In the News
Children who still drink from a bottle at 24 months of age are more likely to be obese at the age of 5.5 years. An analysis of data from 6,750 children enrolled in the Early Childhood Longitudinal Study, Birth Cohort showed that 22% were prolonged bottle users at 24 months, meaning that they either drank primarily from bottles, were put to bed with a bottle, or both. Nearly 23% of these children were obese by age 5.5 years, compared with 16% of those who stopped using the bottle at a younger age. Prolonged bottle use raised the risk of obesity by 33%, even after adjustment for other factors that contribute to obesity, such as mother's weight, child's birth weight, and feeding practices during infancy (although the children's diets and activity levels weren't known).
Beverages drunk from bottles can be packed with calories that lead to weight gain. For instance, 8 oz. of whole milk has about 150 calories. For an average- weight two-year-old girl (about 26 pounds), this would account for 12% of her daily caloric needs. Milk or sugary drinks in nighttime bottles can also cause tooth decay and may cause iron deficiency.
"Health professionals have encouraged weaning around the child's first birthday to prevent tooth decay. Now pediatricians and nurses can tell parents about the risk of obesity related to prolonged bottle use," says Rachel Gooze, the study's lead author and a doctoral candidate at Temple University in Philadelphia.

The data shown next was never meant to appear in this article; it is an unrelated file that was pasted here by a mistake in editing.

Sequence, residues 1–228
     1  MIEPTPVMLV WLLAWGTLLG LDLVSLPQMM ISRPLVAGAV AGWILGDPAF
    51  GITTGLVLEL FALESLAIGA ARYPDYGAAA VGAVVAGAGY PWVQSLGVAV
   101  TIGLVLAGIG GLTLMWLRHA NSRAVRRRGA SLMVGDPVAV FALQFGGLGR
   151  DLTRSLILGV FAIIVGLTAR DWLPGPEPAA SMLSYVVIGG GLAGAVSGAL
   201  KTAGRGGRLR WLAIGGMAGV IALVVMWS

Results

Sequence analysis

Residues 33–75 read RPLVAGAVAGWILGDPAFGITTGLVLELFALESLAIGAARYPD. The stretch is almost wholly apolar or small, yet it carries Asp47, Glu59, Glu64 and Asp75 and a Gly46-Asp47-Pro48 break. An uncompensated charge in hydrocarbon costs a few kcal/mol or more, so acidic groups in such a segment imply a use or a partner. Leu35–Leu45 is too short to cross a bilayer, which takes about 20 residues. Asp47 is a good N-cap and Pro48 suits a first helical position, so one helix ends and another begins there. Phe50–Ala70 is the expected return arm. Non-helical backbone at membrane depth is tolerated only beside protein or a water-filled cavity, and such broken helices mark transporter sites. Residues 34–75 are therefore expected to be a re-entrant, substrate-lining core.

According to the Centers for Disease Control and Prevention, childhood obesity has tripled over the past 30 years. Weaning toddlers off bottles around 12 months of age could help to fight this trend.
"Weaning a child isn't easy, and changing this behavior at age two is even harder," says Gooze. One solution, she says, might be to replace milk or juice in bottles with plain water, or to gradually decrease the number of bottles given during the day. —Carol Potera
Gooze RA, et al. J Pediatr
Apr 27 2011. [Epub ahead of print.]